This isn't Josh's first time abroad. Heck, it ain't even his first African rodeo. However, Sudan is not The Gambia (lovingly referred to as "Africa for beginners"), nor is his new job the Peace Corps (or, perhaps more fittingly, Summer Camp for College Grads). No, this is going to be far tougher a job, but it will also be more rewarding. Hopefully for the reader it will be more hilarious too.

Come along and follow Josh through his travels and travails, his perils and pleasures. Read all about Josh's adventures in his new career in the world's newest country, Southern Sudan.

22nd April 2011

Question

conmigo said: Oh dear lord, is that a cheetah blanket underneath all that booze and batteries? You might be able to get one of those in Africa, no?

That is a cheetah blanket, but I cannot be blamed with purchasing it. While I may be able to get an authentic cheetah rug, I know a lot of people that would be pretty pissed at me if I did.

22nd April 2011

Question

swissah said: so, how was the flight?

The flight was as good as can be expected.  No major delays, only one crying baby.  I’m always amazed at how much better the service and food is on international, especially European, flights compared to domestic.  

17th April 2011

Photo

What to bring to South Sudan?  
Despite the packing list so thoughtfully provided by my new employer, this was not an easy question to answer.  While I anticipate having to travel to Nairobi from Rumbek every so often, I don’t know when I will first get a chance to go there.  As such, simple day-to-day items such as toothpaste and batteries are battling for space against necessities (to me) like my shortwave radio and a fine bottle of bourbon.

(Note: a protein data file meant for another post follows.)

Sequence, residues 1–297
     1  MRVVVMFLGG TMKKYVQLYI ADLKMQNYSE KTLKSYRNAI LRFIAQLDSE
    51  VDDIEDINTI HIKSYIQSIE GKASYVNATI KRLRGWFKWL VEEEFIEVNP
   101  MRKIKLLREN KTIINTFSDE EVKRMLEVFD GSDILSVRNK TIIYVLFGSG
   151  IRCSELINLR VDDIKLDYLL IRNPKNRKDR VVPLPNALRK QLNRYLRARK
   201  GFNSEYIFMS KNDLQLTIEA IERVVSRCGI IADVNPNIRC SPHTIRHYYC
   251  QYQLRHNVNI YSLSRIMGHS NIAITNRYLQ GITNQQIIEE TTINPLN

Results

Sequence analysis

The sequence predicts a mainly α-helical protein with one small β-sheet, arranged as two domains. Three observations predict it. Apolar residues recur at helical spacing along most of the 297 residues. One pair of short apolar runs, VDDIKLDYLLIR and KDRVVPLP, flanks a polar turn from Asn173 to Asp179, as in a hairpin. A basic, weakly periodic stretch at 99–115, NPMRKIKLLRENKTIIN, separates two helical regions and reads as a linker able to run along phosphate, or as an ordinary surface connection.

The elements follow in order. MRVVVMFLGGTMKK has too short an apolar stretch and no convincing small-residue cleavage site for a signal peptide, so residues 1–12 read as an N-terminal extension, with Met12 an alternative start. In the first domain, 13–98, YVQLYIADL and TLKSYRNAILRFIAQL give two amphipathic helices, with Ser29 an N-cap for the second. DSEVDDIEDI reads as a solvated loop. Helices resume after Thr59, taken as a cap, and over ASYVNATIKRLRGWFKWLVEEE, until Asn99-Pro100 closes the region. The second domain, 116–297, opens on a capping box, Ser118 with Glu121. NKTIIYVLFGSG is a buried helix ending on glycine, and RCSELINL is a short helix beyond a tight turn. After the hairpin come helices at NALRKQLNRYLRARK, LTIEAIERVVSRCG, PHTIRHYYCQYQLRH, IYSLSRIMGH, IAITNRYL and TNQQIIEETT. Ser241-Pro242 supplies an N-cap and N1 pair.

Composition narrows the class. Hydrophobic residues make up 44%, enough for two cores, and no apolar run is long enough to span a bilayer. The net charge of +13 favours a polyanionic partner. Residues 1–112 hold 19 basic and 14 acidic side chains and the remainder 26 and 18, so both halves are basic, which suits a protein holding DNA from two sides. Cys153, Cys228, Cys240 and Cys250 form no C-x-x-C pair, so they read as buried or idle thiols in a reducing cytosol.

Fortunately I went through all of this with the Peace Corps and have a better understanding of what can be left behind.  Whoever told me prior to my Peace Corps departure to bring tupperware and spices was a fool.  And my new Kindle is ideal for international travel, as I’ve managed to cram 50 or so books into its nine ounces.
As my final departure draws closer I’m beginning to feel that familiar mix of nausea and adrenalin caused by fear, excitement, and wonder.  Although I know a handful of people that worked or have worked in East Africa, I’m still at a loss as to what to expect.  Not trying to make myself a martyr, but there are some serious health and security concerns I will have to deal with over there.  That said, anyone that knows me knows a lifelong ambition of mine is to be more Indiana Jones-like, a pursuit hindered by my previous 9 to 5 office job.  Adventures are all about taking some risks, so let’s get moving on this one!

What to bring to South Sudan?  

Despite the packing list so thoughtfully provided by my new employer, this was not an easy question to answer.  While I anticipate having to travel to Nairobi from Rumbek every so often, I don’t know when I will first get a chance to go there.  As such, simple day-to-day items such as toothpaste and batteries are battling for space against necessities (to me) like my shortwave radio and a fine bottle of bourbon.

Fortunately I went through all of this with the Peace Corps and have a better understanding of what can be left behind.  Whoever told me prior to my Peace Corps departure to bring tupperware and spices was a fool.  And my new Kindle is ideal for international travel, as I’ve managed to cram 50 or so books into its nine ounces.

As my final departure draws closer I’m beginning to feel that familiar mix of nausea and adrenalin caused by fear, excitement, and wonder.  Although I know a handful of people that worked or have worked in East Africa, I’m still at a loss as to what to expect.  Not trying to make myself a martyr, but there are some serious health and security concerns I will have to deal with over there.  That said, anyone that knows me knows a lifelong ambition of mine is to be more Indiana Jones-like, a pursuit hindered by my previous 9 to 5 office job.  Adventures are all about taking some risks, so let’s get moving on this one!